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way too much info for me to digest. but i don't have a leaking rack to worry about either.

 

one thing i wanted to point out is to make sure you can get your car in for an alignment after you do all of this. if you won't be able to get it aligned right away make sure to take careful measurements of the rod ends so that when you reassemble you can match it up as close as you can. i measured before i did all my tie rod ends and when i reassembled and had the car checked for alignment I had it so close that the shop told me not to spend the 69.99.

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way too much info for me to digest. but i don't have a leaking rack to worry about either.

 

one thing i wanted to point out is to make sure you can get your car in for an alignment after you do all of this. if you won't be able to get it aligned right away make sure to take careful measurements of the rod ends so that when you reassemble you can match it up as close as you can. i measured before i did all my tie rod ends and when i reassembled and had the car checked for alignment I had it so close that the shop told me not to spend the 69.99.

 

You bring up a good point. I always count the exposed thread though (between the lock nuts etc.) instead of measuring. You can also string the car to check alignment before, and then after. In all honestly, I have not had an alignment done at a shop in 10+ years. I string the car and line them up my self. You can even do the camber with a string, plumb bob, and something (what ever you have) to check the angle. Sounds voodoo but it works. An alignment at a shop, as I have learned, is only as good as the calibration of the machine. If the machine is not aligned/calibrated regularly, then why bother. Strings don't lie.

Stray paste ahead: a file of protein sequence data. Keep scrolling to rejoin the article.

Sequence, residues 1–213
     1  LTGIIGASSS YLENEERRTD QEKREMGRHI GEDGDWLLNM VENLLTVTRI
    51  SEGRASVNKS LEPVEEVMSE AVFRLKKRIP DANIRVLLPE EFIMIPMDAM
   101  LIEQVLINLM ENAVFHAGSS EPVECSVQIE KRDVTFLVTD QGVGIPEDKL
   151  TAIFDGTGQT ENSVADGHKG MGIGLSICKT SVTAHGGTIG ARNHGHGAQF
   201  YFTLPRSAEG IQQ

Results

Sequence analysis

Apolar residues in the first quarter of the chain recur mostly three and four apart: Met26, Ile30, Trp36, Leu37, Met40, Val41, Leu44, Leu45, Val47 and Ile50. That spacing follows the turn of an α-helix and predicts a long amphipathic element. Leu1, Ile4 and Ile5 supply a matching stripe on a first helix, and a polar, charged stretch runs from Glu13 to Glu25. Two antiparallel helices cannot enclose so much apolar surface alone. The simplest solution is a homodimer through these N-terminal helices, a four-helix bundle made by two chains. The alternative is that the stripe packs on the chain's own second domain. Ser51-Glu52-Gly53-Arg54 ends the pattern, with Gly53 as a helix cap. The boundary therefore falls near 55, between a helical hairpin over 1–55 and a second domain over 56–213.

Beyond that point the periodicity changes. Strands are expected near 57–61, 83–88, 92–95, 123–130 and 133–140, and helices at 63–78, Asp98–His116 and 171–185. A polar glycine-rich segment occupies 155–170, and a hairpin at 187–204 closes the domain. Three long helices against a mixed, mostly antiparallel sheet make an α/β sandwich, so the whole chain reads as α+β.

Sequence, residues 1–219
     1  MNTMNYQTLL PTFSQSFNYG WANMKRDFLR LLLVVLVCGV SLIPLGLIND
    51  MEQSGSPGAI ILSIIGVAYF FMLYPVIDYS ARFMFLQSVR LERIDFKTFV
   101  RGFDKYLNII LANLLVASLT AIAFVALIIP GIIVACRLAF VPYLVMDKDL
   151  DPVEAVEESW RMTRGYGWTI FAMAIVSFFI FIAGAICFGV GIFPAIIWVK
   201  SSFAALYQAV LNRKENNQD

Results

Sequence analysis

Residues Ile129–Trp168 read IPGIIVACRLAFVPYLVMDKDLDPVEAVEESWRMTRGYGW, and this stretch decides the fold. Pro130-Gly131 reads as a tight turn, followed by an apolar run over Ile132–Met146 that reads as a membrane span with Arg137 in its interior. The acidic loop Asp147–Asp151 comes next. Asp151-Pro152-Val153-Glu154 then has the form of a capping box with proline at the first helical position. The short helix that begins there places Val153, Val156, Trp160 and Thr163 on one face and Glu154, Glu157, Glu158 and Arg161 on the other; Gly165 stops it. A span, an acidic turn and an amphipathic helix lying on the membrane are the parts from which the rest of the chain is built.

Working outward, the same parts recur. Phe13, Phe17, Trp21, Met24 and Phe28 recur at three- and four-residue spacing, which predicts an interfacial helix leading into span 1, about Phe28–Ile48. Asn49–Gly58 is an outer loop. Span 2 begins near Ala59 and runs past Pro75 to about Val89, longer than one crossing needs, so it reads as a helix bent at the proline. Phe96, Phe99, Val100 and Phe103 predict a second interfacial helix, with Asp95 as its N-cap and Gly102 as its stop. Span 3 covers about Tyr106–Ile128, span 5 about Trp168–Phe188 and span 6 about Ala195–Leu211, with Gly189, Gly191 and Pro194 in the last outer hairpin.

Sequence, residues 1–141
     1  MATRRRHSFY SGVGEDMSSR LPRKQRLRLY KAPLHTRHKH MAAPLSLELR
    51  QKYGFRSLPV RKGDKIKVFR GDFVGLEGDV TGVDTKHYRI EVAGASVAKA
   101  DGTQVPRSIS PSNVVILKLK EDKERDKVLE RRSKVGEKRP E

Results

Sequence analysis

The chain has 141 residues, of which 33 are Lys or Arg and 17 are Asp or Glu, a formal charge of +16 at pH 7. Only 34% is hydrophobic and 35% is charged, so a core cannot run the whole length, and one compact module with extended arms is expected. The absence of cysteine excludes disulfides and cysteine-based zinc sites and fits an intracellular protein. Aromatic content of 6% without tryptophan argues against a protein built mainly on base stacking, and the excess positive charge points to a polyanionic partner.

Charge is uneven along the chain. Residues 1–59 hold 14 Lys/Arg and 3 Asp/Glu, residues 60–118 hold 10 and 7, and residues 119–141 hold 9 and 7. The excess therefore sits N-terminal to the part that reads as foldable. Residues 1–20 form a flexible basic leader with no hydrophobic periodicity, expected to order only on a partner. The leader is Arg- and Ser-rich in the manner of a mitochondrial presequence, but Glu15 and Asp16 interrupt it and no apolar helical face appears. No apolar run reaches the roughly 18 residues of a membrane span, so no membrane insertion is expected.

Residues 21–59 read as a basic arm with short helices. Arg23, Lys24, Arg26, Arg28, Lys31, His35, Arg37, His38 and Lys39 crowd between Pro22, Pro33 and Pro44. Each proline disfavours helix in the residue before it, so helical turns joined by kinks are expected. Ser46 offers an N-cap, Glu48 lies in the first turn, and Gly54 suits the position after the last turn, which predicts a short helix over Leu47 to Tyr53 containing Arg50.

Again, good point though.

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Honestly, unless people really want to or have to save money, we would always reccomend a used or Honda rebuilt rack assembly.

There doesn't seem to be any reason I cannot do it myself. I have the money to get a reman' unit, I also have the money to pay Honda to do the work.

 

I enjoy working on my own car and this is just another thing I have never done before and will learn as I go along. If I screw it all up, I will just buy a reman' rack and swap it with the one I rebuild. Really, there just does not seem to be much to it.

 

I definately looks quicker/easier than changing my clutch, and nobody showed me how to do that either.

 

As far as the alignment, I was going to count threads or paint them to reinstall in the same location as before; thanks for the tip.

 

Edit: don't get me wrong, I have had some hard lessons in the past. For instance, I bought all the special tools to rebuild my A/C Clutch only to remove the thing and have the compressor bearings fail the first inspection step (the pump did not have a smooth action, i.e. the bearing were shot). I ended up just buying a cheap replacement compressor anyways. Which reminds me, I keep forgetting to put my field coil and rebuild tools in the HF Classifieds.

Edited by James Matteu
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On your car, I'd rather do a clutch. 2.5 hours start to finish. Re-build a rack, removal and installation time included, about 3 to 3.5. Clutch sounds better. LOL Honestly, I don't like the smell of old power steering fluid. The cleaner the job the better. BTW, you sound like an engineering budy of mine in VA. Like to tinker, and have the knowledge to do so.